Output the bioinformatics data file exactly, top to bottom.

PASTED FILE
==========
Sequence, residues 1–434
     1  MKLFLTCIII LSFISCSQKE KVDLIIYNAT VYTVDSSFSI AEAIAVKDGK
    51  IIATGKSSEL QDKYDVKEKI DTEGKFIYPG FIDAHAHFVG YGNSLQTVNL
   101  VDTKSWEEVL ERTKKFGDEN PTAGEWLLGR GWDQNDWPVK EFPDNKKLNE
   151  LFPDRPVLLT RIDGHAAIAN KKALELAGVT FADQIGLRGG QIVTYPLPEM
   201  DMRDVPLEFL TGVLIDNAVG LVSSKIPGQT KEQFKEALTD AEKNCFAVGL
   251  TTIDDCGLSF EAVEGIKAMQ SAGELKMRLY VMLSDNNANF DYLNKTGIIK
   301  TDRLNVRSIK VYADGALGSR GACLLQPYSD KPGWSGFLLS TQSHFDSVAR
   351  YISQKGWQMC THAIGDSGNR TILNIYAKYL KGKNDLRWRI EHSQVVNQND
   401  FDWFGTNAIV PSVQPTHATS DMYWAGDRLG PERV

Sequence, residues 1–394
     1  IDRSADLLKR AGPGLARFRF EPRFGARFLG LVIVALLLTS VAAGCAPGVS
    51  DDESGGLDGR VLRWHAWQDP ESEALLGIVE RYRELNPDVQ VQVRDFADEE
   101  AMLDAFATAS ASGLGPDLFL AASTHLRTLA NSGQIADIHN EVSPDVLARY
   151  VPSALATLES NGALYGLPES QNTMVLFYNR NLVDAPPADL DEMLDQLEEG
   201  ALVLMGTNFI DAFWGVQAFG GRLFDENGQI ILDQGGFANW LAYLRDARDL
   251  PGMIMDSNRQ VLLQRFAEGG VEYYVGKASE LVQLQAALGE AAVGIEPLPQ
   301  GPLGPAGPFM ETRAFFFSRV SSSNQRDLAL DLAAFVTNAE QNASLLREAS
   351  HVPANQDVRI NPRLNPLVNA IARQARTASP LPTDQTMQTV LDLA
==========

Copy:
Sequence, residues 1–434
     1  MKLFLTCIII LSFISCSQKE KVDLIIYNAT VYTVDSSFSI AEAIAVKDGK
    51  IIATGKSSEL QDKYDVKEKI DTEGKFIYPG FIDAHAHFVG YGNSLQTVNL
   101  VDTKSWEEVL ERTKKFGDEN PTAGEWLLGR GWDQNDWPVK EFPDNKKLNE
   151  LFPDRPVLLT RIDGHAAIAN KKALELAGVT FADQIGLRGG QIVTYPLPEM
   201  DMRDVPLEFL TGVLIDNAVG LVSSKIPGQT KEQFKEALTD AEKNCFAVGL
   251  TTIDDCGLSF EAVEGIKAMQ SAGELKMRLY VMLSDNNANF DYLNKTGIIK
   301  TDRLNVRSIK VYADGALGSR GACLLQPYSD KPGWSGFLLS TQSHFDSVAR
   351  YISQKGWQMC THAIGDSGNR TILNIYAKYL KGKNDLRWRI EHSQVVNQND
   401  FDWFGTNAIV PSVQPTHATS DMYWAGDRLG PERV

Sequence, residues 1–394
     1  IDRSADLLKR AGPGLARFRF EPRFGARFLG LVIVALLLTS VAAGCAPGVS
    51  DDESGGLDGR VLRWHAWQDP ESEALLGIVE RYRELNPDVQ VQVRDFADEE
   101  AMLDAFATAS ASGLGPDLFL AASTHLRTLA NSGQIADIHN EVSPDVLARY
   151  VPSALATLES NGALYGLPES QNTMVLFYNR NLVDAPPADL DEMLDQLEEG
   201  ALVLMGTNFI DAFWGVQAFG GRLFDENGQI ILDQGGFANW LAYLRDARDL
   251  PGMIMDSNRQ VLLQRFAEGG VEYYVGKASE LVQLQAALGE AAVGIEPLPQ
   301  GPLGPAGPFM ETRAFFFSRV SSSNQRDLAL DLAAFVTNAE QNASLLREAS
   351  HVPANQDVRI NPRLNPLVNA IARQARTASP LPTDQTMQTV LDLA